Like many professions, for centuries music was dominated by men. For about the last three decades, though, orchestras have taken measures to ensure equal consideration for women and minority musicians. In most cases, for example, prospective players now try out behind screens that hide them from the judges.
By 2005, the change was significant — female membership of international orchestras (outside of Germany and Austria) had increased considerably. It varied from about 26% at the Philadelphia Orchestra to 41% at the New York Philharmonic and 43% at the French National Orchestra.
|Three women are already too many … By the time we have 20 percent, the orchestra will be ruined.”
– Vienna Philharmonic musician, quoted in a 2003 issue of Profil
The orchestras of Germany and Austria have generally lagged behind the others, and the Vienna Philharmonic remains at the very bottom of the list. Effectively a musicians’ democracy, it has been deeply reluctant to admit women to its ranks.
It wasn’t until 1997 that the Vienna Philharmonic officially ended their policy discriminating against women players. For years after that, however, their only female member was a harpist. Television producers were allowed to show only her hands. Her name was not listed in programs.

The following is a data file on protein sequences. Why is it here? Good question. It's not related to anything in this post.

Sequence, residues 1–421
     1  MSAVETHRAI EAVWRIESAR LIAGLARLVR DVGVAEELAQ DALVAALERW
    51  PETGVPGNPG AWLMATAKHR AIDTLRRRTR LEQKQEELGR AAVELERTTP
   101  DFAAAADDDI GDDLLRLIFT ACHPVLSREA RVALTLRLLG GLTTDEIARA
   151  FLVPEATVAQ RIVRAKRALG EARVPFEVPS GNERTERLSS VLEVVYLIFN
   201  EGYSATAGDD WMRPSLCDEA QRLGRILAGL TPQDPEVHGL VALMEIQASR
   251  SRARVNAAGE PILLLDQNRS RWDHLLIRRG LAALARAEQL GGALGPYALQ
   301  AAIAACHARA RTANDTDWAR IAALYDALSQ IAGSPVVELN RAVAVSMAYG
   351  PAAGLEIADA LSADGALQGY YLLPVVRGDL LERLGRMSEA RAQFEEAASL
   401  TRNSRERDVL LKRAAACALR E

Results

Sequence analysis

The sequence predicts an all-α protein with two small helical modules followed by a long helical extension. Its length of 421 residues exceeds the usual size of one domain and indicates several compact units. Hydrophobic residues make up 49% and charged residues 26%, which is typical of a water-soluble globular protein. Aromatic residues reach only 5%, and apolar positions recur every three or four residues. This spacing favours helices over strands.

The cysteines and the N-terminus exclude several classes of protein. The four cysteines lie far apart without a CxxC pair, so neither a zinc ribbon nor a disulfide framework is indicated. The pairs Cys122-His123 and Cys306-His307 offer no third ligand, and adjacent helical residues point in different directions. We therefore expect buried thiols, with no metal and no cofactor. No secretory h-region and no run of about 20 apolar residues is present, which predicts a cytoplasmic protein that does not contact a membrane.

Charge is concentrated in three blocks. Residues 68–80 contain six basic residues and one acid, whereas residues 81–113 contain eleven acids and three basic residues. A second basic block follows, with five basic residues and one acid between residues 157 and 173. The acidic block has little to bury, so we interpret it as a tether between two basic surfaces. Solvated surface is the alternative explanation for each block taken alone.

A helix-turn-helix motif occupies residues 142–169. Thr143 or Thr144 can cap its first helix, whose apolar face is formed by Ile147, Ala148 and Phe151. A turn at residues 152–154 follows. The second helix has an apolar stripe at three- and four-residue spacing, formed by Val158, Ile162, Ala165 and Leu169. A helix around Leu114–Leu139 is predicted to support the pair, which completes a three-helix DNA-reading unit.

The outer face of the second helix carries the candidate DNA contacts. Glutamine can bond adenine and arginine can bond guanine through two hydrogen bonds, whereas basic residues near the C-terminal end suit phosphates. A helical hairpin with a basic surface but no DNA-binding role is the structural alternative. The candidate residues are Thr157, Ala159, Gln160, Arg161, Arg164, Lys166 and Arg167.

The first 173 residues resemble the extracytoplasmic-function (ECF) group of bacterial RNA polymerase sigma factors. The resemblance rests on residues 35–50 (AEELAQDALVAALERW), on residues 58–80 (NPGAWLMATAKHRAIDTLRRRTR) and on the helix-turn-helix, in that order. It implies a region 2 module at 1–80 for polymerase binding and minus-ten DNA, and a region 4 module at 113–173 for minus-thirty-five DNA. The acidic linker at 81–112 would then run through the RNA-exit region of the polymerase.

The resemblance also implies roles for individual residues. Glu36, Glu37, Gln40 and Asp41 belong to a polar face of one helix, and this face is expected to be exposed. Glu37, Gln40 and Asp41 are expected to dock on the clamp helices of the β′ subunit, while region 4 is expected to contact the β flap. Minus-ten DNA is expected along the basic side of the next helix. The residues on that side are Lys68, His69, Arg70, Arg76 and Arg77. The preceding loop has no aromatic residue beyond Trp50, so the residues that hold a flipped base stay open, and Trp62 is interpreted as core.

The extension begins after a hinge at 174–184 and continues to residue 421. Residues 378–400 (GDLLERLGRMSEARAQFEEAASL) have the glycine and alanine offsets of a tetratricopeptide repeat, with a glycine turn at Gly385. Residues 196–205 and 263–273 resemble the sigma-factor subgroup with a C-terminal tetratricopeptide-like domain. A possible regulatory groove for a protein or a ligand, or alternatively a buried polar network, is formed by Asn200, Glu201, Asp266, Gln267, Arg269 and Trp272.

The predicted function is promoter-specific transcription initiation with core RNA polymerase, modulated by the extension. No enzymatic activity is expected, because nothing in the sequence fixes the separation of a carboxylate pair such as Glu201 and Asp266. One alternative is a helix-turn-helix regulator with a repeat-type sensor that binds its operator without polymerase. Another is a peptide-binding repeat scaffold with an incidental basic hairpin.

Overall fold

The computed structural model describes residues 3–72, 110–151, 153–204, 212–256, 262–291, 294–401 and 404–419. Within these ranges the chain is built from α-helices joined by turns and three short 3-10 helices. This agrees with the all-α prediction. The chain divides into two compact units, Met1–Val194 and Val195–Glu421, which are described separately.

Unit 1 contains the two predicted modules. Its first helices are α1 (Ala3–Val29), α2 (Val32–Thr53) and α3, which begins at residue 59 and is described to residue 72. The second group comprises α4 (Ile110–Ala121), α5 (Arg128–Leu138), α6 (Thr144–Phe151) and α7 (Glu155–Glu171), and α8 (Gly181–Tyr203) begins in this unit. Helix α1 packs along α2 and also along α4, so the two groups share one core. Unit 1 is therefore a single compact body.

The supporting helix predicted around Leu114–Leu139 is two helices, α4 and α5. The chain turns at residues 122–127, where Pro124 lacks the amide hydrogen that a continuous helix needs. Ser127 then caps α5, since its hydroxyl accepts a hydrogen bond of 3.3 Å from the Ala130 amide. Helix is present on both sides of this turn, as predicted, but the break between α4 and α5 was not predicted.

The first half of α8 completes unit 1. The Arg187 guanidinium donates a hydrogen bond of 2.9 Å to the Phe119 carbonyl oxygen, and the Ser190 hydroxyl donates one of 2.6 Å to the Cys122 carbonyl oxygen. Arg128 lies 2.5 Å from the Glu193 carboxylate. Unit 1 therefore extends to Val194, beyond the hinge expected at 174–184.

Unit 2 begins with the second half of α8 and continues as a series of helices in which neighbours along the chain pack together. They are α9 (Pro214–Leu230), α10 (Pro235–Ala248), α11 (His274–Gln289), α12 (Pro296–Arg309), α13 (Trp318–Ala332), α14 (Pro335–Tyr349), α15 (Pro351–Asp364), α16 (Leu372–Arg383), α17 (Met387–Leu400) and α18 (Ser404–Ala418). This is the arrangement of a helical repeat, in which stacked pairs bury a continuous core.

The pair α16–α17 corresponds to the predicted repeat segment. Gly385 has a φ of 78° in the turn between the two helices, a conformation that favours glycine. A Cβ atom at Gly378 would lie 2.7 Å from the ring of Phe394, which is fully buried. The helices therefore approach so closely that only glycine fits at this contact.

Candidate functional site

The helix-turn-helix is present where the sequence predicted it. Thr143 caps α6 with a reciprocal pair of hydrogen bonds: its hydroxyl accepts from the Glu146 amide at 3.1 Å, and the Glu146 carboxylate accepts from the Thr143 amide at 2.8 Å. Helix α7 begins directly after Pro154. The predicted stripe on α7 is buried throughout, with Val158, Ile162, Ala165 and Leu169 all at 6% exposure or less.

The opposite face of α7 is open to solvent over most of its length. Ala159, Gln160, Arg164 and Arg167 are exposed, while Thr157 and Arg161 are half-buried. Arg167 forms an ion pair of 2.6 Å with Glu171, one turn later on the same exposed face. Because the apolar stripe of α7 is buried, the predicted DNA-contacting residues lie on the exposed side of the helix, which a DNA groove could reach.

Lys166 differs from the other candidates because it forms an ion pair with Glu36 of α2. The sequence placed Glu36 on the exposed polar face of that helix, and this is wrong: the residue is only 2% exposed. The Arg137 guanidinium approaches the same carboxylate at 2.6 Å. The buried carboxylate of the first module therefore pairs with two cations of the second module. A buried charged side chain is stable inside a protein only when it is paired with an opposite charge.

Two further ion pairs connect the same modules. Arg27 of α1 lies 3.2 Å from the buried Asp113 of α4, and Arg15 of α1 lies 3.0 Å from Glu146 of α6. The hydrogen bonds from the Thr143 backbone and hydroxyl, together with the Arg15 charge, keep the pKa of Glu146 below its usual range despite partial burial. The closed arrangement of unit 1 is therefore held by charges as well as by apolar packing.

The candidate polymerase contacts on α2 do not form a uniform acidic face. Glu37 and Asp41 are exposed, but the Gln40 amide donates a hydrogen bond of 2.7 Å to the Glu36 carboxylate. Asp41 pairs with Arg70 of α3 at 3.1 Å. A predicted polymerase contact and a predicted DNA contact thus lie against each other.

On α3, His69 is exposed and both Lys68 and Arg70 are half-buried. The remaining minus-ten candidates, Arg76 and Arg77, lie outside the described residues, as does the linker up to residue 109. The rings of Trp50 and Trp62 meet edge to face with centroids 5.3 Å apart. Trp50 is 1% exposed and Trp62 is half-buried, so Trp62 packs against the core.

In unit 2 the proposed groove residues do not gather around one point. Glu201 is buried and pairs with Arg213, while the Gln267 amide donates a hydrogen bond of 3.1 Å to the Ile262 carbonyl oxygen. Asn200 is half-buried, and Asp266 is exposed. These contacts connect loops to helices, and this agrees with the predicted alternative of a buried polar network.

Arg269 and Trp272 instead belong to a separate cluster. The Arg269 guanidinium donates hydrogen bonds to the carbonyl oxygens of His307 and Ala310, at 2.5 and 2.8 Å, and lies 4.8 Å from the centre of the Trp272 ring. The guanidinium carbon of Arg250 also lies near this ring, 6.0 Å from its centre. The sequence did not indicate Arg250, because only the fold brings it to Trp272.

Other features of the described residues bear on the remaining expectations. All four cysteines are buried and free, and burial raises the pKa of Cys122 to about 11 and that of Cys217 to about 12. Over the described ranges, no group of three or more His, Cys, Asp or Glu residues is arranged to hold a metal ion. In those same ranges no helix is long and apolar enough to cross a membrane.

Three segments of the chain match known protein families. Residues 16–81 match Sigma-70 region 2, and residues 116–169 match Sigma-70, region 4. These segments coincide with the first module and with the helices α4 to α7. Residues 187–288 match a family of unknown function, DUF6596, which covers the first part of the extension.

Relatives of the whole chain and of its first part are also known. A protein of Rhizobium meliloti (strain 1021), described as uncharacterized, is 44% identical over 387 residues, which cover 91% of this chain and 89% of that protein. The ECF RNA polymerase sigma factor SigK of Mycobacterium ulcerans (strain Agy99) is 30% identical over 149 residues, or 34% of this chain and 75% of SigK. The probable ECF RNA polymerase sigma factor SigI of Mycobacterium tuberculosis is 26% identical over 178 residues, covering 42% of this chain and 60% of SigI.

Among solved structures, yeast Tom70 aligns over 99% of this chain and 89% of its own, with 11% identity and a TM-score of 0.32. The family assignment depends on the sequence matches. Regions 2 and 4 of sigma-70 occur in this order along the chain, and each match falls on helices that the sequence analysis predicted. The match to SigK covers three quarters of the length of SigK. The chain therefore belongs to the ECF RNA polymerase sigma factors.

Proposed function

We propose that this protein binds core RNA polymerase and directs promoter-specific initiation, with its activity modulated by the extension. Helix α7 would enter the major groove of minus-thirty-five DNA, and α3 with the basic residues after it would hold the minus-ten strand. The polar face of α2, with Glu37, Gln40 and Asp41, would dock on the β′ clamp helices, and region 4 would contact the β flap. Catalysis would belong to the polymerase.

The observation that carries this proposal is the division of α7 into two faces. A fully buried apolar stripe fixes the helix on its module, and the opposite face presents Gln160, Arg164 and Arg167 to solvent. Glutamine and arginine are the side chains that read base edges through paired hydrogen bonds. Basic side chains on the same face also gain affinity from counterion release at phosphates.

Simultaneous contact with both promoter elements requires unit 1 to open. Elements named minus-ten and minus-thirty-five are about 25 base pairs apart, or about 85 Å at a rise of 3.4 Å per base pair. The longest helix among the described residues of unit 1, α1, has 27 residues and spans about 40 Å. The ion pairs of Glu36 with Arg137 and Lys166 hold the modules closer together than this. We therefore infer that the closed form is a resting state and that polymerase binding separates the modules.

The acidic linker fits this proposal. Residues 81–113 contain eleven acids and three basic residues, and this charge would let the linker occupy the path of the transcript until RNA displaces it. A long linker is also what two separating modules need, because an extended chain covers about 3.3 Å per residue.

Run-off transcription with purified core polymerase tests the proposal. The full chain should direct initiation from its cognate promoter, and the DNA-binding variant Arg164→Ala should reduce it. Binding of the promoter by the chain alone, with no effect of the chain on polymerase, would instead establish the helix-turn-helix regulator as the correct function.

Fully 10 years later, in May 2007, the Vienna Philharmonic finally granted full membership to violist Ursula Plaichinger. Plaichinger had been hired in 2001, in spite of an audition in which the screens came down for the final round (the Vienna Philharmonic reportedly believes it is "important to see what musicians look like while they play").
Cellist Ursula Wex, hired in 2003, and violinist Isabelle Ballot, brought on board this year, now play in Vienna Philharmonic concerts. However, both are still listed on the orchestra’s roster as probationary.
Both Wex and Ballot started their Vienna tenures in the Vienna State Opera Orchestra (Wiener Staatsoper), traditionally a training ground for the Philharmonic. The Staatsoper still has only 5 women, and one of them, oboist Helene Kenyeri, was handed her walking papers in March.
But last Thursday (8 May), the Staatsoper promoted first violinist Albena Danailova to concertmaster. She will take on her new duties with the Staatsoper in September — just as Kenyeri is leaving.
The number of women in the orchestra will thus actually fall, but the dynamics of musical leadership will undergo a seismic shift. Many of the same musicians play in both the Vienna Philharmonic and the State Opera Orchestra, and the politics of this situation will be intriguing to watch. The glass ceiling may not have ruptured yet, but perhaps change is finally in the air for this last bastion of male-dominated classical music-making.